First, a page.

4. Allow Guest Checkouts
This is a big one for me and I have abandoned more than a few carts when unable to checkout as a guest. While this is not the ideal choice for retailers, it has progressed from optional to must-have as 23% of users say they will abandon their carts if forced to create an account.
Target does a great job of keeping this process easy, guest checkout is clearly marked and shares a page with the normal login.
5. Remove Unnecessary Navigation
Once a shopper has started the checkout process they are in the final stages of the conversion funnel. It is in your best interest to remove all distractions to help them focus on completing their checkout without abandoning the cart.
Staples is one of the best at this because once you start their checkout process, they remove almost every link that can divert your attention. By doing this, they are able to guide you through the process by creating a clear path to follow.
If you’re not ready to remove navigation entirely, consider adding a “Keep Shopping” button instead of a full menu to allow customers to return to the main part of your site.
6. Provide Reassurances
Despite the prevalence of online shopping, there are still users out there that find it intimidating or confusing. It could be that they don’t fully understand the process and have fears, but adding a few minor things to your site can help reassure even the most hesitant user.
- Trust Seals – The data is mixed on this, because it affects audiences differently, so it’s worth testing. Consider adding badges like BBB or Verisign to your checkout process to show you’re committed to security.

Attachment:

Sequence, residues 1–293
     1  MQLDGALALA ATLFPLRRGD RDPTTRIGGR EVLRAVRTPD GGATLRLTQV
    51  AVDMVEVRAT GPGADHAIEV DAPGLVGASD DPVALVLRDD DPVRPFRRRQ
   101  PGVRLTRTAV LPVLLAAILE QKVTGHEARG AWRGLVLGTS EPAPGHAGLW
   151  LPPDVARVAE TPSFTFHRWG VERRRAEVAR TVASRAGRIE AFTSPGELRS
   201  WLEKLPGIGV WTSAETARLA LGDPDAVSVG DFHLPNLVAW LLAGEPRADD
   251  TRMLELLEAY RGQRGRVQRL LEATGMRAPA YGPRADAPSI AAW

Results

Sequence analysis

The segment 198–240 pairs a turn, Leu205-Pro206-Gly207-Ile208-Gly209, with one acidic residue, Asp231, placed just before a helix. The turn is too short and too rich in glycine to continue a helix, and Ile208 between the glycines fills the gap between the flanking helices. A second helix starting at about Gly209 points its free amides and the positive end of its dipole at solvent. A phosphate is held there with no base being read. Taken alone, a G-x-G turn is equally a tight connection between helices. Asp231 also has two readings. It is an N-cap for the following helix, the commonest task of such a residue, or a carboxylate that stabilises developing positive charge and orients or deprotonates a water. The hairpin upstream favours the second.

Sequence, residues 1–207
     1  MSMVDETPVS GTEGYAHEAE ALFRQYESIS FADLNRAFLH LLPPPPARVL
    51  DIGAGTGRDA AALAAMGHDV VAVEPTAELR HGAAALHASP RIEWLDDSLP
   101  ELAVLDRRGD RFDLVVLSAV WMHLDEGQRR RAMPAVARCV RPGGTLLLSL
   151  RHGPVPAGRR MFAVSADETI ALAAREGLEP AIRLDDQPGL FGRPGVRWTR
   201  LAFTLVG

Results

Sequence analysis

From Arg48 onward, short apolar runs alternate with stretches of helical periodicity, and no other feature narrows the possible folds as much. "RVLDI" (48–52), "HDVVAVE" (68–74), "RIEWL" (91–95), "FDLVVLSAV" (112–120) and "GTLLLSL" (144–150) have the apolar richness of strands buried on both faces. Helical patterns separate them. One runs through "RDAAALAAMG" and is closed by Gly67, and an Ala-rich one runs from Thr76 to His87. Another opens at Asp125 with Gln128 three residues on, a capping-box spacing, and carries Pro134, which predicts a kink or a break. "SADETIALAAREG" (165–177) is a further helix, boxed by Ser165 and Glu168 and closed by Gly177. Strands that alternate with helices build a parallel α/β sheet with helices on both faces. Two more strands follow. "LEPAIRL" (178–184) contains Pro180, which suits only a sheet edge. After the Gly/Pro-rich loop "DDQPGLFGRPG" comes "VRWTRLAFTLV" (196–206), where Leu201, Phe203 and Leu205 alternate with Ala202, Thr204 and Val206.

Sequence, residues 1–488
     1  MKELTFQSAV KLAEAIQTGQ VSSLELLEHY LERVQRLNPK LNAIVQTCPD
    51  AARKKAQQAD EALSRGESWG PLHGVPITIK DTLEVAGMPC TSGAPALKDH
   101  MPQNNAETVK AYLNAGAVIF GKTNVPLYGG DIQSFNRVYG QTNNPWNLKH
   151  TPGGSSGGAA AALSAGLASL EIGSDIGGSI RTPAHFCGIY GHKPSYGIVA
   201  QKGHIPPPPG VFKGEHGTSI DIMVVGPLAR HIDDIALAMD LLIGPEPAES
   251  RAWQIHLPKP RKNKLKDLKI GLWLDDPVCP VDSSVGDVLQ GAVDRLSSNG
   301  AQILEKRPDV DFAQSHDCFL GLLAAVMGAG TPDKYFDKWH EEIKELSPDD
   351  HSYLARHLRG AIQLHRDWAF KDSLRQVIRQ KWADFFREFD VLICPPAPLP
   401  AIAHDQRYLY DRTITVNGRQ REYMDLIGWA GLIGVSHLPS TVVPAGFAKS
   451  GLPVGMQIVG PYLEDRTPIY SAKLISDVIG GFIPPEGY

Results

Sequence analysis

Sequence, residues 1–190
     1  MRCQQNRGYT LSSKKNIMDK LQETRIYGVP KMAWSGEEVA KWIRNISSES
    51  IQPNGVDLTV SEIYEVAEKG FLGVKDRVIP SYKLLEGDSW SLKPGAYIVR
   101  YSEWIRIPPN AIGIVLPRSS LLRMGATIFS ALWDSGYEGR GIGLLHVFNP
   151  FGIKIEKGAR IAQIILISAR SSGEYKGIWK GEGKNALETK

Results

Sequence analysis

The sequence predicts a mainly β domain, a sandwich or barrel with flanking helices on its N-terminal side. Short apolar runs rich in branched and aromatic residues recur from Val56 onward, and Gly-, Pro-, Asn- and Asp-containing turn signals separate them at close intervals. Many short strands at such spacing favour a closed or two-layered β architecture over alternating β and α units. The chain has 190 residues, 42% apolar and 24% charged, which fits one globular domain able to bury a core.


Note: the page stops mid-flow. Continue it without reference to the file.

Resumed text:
I really like the location of GNC’s Norton badge, it’s obvious enough to be noticed without being distracting.
- Obvious Customer Service – Offering a live chat and prominently displaying a phone number are great ways to help users with issues and show that you are reachable should they have any questions.
Sports retailer Better Baseball does both of these extremely well and has them displayed on every page.
7. Solicit Qualitative & Quantitative Feedback
While more time-intensive than the rest of this list as it involves consulting with a third party, asking for feedback on your cart and checkout process can help identify overlooked issues. Recruiting fresh eyes to look at your site is a great way to see if you have missed something that may be affecting conversion and abandonment rates.
There are two main ways to do this:
- Hire a company like UserTesting that provides testers to go through and review aspects of your site and give feedback.
- Ask current customers for their feedback, ideally a short time after they complete an order. Use a survey form with an incentive to complete.
Of course, there’s also the quantitative feedback gathered from A/B testing. If you’re already testing, make sure to look at your previous results to help guide you to important elements or areas that have shown to make an impact. Ensure that you’re collecting these results through time so that you have a record that could give you further ideas for tests.
If you take only one thing away from this post, let it be that not even the biggest and most successful eCommerce companies do everything right. When only 4 out of 10 sites send reminder emails and the average abandonment rate is 70%, there is clearly room for improvement. Even implementing just one of these tips can give you a leg up on the competition – start small, test often, and adjust as needed.
Got some more tips you’d like to share? Let us know in the comments!